Al Furney says the distinctive '60s double-front VW Beetle is being patched up and will return as the Route 66 landmark.
By Laurie Bailey
The Volkswagen Beetle that sat atop a 20-foot pole at Excel Auto Body along Route 66 in Salem Township has been missing for two years -- and motorists still miss seeing the blast from the past.
"Everybody's calls ... and asks when it's going to be back," said Al Furney, owner of the shop since 1979.
For the time being, the Beetle -- which is actually the front ends of two similar 1968 vehicles welded together at the doors -- is sitting on a frame mount in Mr. Furney's shop. He has no idea when he will able to have it remounted outside his shop near Delmont, but he's working on it.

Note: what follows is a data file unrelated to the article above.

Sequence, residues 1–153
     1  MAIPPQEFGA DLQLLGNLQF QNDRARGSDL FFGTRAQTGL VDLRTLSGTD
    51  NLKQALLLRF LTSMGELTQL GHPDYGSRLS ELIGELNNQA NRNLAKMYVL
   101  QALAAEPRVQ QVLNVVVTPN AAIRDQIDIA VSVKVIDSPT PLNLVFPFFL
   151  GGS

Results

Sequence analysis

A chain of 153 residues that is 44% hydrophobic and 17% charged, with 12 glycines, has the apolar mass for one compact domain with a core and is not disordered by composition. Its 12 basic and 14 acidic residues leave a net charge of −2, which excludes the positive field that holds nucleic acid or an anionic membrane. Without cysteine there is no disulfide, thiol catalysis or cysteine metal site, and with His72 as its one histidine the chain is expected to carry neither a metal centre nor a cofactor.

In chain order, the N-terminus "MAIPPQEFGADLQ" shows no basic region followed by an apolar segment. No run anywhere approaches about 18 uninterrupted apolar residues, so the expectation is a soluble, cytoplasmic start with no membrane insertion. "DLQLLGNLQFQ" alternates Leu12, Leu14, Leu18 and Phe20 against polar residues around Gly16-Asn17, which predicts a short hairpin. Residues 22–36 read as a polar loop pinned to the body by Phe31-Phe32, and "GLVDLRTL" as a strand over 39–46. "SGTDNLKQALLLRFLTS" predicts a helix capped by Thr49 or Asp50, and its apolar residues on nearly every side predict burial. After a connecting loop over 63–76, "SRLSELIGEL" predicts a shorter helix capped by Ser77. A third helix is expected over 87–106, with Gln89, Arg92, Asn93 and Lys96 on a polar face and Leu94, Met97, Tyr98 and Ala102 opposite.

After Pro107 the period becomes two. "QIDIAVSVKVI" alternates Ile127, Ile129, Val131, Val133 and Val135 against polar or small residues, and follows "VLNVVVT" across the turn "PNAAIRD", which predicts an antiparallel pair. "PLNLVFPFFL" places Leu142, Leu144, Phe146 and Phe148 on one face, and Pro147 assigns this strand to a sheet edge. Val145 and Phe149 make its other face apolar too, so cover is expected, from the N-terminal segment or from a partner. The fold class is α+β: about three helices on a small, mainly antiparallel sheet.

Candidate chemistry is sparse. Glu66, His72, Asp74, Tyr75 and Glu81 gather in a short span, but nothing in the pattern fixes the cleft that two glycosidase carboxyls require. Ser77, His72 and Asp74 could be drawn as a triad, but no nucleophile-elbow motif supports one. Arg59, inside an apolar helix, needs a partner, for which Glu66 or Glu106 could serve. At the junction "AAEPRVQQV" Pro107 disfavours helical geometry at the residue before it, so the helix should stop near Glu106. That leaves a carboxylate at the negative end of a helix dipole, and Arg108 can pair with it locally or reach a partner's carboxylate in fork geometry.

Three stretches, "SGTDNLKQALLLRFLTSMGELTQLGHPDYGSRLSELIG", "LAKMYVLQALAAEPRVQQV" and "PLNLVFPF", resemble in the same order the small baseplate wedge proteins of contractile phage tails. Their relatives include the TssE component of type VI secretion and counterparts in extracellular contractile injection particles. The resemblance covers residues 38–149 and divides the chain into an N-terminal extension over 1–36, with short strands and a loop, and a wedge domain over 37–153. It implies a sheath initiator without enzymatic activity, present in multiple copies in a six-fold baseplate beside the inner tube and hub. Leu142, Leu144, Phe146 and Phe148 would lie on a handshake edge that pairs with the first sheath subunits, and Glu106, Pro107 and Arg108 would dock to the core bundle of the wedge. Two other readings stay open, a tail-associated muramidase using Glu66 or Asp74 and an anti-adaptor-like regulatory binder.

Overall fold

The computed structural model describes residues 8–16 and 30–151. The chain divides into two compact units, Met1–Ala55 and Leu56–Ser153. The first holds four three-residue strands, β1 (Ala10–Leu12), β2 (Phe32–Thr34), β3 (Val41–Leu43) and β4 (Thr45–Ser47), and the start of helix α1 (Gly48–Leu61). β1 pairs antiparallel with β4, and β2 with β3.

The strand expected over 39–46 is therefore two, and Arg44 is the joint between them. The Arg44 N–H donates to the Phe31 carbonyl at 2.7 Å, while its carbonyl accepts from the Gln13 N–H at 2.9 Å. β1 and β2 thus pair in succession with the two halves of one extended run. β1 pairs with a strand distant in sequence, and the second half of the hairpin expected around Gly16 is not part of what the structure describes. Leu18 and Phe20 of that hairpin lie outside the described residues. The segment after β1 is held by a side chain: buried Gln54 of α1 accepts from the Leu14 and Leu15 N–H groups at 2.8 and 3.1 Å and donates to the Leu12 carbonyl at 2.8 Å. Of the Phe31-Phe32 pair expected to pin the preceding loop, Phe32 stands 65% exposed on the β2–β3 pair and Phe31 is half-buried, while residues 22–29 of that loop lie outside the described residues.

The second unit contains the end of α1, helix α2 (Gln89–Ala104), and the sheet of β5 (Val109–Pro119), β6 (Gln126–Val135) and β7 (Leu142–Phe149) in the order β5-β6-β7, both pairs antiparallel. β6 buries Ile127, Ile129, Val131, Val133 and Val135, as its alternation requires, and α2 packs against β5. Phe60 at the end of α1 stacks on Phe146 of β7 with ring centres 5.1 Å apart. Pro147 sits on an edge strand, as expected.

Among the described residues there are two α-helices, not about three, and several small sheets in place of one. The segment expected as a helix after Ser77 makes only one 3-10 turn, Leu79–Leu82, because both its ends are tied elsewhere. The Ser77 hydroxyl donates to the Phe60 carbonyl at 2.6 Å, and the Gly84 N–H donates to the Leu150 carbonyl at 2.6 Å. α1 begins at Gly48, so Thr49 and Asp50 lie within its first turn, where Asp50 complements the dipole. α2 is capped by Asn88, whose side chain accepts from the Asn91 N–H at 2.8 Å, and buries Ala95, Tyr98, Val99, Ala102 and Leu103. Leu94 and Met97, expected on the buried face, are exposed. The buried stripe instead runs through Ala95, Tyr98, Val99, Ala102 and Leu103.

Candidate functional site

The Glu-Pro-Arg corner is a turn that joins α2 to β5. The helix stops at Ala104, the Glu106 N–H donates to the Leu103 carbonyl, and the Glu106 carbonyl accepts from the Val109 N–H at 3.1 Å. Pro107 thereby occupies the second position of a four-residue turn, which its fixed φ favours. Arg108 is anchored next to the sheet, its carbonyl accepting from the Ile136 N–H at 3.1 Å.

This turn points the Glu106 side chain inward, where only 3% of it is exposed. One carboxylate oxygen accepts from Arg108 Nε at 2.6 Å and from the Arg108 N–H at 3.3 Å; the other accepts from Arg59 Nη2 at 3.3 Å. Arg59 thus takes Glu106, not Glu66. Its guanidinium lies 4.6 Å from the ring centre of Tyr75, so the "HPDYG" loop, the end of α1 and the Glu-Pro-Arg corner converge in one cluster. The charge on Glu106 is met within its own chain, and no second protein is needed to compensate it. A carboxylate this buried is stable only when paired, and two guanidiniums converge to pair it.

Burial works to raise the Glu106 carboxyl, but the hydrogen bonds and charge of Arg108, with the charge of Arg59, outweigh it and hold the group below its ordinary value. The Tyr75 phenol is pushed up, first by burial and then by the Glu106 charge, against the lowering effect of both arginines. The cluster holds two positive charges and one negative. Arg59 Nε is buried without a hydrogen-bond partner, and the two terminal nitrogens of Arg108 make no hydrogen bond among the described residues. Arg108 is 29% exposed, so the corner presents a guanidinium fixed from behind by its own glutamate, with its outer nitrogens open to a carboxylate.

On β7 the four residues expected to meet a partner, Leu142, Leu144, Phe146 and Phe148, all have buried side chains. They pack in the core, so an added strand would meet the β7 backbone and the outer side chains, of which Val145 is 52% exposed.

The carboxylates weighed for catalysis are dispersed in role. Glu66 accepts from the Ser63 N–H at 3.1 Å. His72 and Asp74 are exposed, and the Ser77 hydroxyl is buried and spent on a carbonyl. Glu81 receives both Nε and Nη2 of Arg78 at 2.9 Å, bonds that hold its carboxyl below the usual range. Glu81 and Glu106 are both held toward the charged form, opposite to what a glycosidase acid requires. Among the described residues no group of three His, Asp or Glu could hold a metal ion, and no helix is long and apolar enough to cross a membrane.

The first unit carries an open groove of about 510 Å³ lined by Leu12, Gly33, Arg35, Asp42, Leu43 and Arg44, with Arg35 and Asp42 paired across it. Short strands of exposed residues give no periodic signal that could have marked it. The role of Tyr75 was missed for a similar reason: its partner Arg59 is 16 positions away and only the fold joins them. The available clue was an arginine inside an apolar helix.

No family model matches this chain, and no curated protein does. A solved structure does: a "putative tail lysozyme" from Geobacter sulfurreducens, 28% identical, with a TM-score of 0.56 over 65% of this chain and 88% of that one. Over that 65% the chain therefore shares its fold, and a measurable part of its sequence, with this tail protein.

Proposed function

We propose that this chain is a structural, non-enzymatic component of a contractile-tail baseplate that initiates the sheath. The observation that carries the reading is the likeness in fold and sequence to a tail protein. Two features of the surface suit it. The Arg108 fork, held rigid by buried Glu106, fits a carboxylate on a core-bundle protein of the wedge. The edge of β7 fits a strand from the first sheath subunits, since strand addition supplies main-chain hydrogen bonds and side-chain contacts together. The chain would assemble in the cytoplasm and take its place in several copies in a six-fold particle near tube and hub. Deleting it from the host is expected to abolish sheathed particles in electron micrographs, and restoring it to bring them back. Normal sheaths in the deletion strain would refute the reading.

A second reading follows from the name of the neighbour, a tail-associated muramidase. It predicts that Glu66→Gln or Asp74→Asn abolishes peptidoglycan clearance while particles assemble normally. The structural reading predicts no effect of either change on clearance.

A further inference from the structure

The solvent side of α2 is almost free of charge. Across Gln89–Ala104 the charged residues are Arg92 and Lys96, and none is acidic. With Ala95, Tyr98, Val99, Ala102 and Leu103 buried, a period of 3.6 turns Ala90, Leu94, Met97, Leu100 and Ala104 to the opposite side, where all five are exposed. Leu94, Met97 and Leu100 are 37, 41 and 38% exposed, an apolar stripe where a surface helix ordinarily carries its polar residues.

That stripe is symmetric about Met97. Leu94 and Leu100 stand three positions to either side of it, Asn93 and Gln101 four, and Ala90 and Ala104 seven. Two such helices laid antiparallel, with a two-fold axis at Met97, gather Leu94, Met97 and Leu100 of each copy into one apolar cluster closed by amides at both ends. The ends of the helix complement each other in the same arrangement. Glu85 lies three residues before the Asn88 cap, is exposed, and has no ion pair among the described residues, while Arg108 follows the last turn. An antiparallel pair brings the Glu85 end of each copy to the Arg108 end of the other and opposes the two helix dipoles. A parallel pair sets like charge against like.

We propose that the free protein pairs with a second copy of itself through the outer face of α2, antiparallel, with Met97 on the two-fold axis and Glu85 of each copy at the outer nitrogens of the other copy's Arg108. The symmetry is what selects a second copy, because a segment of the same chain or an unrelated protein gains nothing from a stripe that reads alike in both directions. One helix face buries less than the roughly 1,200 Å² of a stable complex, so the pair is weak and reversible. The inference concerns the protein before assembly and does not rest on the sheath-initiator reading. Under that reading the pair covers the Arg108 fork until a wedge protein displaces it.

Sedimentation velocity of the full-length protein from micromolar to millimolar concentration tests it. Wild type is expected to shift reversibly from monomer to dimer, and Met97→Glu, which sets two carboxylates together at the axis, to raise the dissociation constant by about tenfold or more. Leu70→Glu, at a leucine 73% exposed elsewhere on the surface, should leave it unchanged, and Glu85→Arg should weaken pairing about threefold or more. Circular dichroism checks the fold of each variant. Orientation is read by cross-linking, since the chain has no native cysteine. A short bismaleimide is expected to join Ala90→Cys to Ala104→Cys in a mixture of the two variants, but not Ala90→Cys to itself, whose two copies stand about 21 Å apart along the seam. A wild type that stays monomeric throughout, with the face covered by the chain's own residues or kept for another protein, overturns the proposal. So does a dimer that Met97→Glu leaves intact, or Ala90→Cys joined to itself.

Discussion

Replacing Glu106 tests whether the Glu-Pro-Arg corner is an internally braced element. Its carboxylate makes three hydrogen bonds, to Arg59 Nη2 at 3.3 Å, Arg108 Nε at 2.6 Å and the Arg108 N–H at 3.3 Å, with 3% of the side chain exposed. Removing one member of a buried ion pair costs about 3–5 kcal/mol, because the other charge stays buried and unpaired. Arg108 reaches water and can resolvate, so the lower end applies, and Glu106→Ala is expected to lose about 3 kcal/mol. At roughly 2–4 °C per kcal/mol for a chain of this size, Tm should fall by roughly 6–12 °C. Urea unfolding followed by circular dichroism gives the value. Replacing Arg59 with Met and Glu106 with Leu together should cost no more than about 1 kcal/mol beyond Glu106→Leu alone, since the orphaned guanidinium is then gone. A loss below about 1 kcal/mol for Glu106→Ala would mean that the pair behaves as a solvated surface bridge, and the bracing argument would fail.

Mr. Furney's vehicle is the second to be on the pole. The original was put there in 1970 by Excel's original owner, Ed Britz, who wanted to advertise his new shop along what was then a less-traveled Route 66 North.
"I had two VWs sitting there, just junk, and I decided to put the two front ends together and make a sign," the retired Mr. Britz recalled. "On that July day when the crane lifted the car onto its perch, "traffic stopped both ways."
"Back then that was really unusual," he said. "Now, anything goes."
Years of stormy weather, road salt and debris from passing trucks caused the original to rust.
"I put a brand new one together and switched them in a week [in the mid-1980s]," Mr. Furney said. No one knew it was a different car."
He is now patching up that second car, doing body work, putting new panels in the floor and painting the vehicle Hawaiian blue.
"It's a unique body creation," he said.
When he rebuilt his Beetle, almost 30 years ago, it was easy to find the body parts in junk yards. To refurbish the car now, he is ordering many parts, such as fenders, hoods and front nose pieces from a supplier in California.
Why the two front ends together?
"You have to cut [the two cars] apart and weld it all back together," Mr. Furney said. "It's easy, because that's what we do for a living."